Coving in the old room was made from full-size picture frames, which at that time felt a perfect solution, but wouldn't do now. Again, I have quite a lot of leftovers from Womble Hall, and since then I have learned to use mitre shears. although even with this tool, mitring cornishes is a nightmare. I considered painting coving dark as well, but decided against it, to have something white in the room for contrast. 

As you see, I have discarded the pipes. I have tried and tested, and they just didn't go with the panels. Since I am not even sure why they were there in the first place, I don't feel bad about them. 

Before I could focus on furnishing, I needed to consider anbaric light (which, if you haven't read His Dark Materials, is what they call electricity in Lord Asriel's world). I have learned a lot about lighting in the past years, and although I still haven't found a perfect solution for Womble Hall, I have successfully made lights for some room boxes, including Dark Academia. Lights do add to the atmosphere. That said, the recipient of this room box is a lighting expert so it has to be perfect or none at all. 

What this expert taught me is the fundamental principle of display lighting is that the light sources have to be hidden. There are many ways of doing this, but I have added a top frame to hide anbaric lights behind. At this stage, I also painted all edges dark brown, to match the panels.

It does make a difference, doesn't it? I still need to make some improvements, but wanted to test. 

Now to the details. The bookcase needs to be filled with books. There were a few books in the old room, all of them with a special significance, but I need more, and of course since then I have made hundreds of books - that's not a hyperbole, really hundreds, for Womble Hall, for the library room box, and more still. 

I have some lovely books that would fit into an academic's room. They are real books, with words and pictures. Unfortunately they are a couple millimetres larger than the shelves so they will have to  be scattered around the room.  

Most books will be fake, with just covers. I estimated I would need about 60 books, and I was right: 65. It kept me busy for a while, but I didn't want to cheat with just spines. There are indeed 65 individual books that can be taken out, and at least one row is books with recognisable covers. They are all there for a reason. Others are simply generic "old books", but I used different covers and made some books larger and thicker, for variety. It does not look natural when all books are of the same size.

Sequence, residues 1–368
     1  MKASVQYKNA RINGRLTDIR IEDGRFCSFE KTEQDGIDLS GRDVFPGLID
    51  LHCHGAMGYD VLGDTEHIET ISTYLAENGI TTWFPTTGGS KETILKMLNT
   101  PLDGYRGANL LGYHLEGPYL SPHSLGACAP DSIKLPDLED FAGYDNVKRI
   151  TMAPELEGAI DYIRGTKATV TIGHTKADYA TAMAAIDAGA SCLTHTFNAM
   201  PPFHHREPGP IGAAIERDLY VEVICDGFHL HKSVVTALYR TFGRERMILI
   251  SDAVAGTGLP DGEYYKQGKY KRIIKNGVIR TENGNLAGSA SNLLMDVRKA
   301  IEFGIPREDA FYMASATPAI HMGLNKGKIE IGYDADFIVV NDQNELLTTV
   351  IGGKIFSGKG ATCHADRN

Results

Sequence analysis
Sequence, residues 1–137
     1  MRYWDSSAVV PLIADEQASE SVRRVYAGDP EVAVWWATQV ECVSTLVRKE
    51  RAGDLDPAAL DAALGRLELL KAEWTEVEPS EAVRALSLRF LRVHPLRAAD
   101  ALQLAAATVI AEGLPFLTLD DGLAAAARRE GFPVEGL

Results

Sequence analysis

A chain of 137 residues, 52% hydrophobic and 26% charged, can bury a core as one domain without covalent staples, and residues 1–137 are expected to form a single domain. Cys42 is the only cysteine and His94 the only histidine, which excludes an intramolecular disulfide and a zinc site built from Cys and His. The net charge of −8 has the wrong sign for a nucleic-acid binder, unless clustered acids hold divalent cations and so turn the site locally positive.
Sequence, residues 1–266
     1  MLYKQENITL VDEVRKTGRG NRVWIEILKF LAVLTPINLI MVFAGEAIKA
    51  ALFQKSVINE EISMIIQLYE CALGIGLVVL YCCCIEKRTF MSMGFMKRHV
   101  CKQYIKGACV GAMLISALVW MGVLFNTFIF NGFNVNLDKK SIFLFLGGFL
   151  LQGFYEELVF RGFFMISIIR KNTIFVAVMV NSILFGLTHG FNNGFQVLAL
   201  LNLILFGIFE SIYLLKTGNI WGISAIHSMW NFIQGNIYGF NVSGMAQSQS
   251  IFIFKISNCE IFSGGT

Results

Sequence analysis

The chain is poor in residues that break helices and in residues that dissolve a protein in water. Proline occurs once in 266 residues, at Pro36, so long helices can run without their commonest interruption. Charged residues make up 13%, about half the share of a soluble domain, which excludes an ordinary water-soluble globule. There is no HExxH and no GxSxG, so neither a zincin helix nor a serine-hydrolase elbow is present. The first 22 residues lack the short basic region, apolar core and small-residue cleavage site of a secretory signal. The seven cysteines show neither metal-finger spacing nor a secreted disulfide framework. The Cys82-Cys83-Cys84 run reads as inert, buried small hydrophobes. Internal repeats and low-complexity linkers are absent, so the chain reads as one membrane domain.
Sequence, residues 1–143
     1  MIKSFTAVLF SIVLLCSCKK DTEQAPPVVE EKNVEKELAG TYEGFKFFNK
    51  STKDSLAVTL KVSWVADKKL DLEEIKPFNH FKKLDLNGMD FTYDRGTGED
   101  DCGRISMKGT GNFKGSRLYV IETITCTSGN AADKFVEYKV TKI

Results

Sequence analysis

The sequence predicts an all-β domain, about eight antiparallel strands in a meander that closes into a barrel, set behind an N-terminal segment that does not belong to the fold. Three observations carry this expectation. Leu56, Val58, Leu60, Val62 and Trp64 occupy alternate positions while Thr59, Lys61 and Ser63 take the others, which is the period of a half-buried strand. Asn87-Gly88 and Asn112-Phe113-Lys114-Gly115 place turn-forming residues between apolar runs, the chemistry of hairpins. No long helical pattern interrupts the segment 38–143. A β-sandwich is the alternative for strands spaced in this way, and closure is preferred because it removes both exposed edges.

Inside the room, the book case looks truly authentic. The recipient may never bother to open the bookcase and look at the books, but it doesn't matter. 

Of course I also have a copy of His Dark Materials. And a copy of one of my own books - I always leave a secret signature in my projects, like Hitchcock always has a vignette of himself in all his films. 

In the drawer of the bookcase I have put old maps, letters, newspapers, notebooks and other private and confidential stuff. 

I have already mentioned the fireplace, and it needed some extra work. To begin with, the back can never be mahogany, can it? It needs to be brick or just black. 

It is also too shiny as compared to the panellling, but I will have to live with it. I painted the back, and I had to sacrifice the fireguard because the kind of fire I wanted to insert didn't fit behind it. But I needed a fireguard, and I made one by painting a piece of fence from a farm play set. I made the fire with a flickering tea light, the way I have always made fires. This one can be put on a timer so it will switch on automatically in the evening, but in my experience it exhausts the battery quickly. But it is easy to take out, switch on and put back. There is of course a more sophisticated way to do it: drill a hole in the side wall and the fire surround and use a battery light that can be switched on from outside, but it will be, or might be, a next step.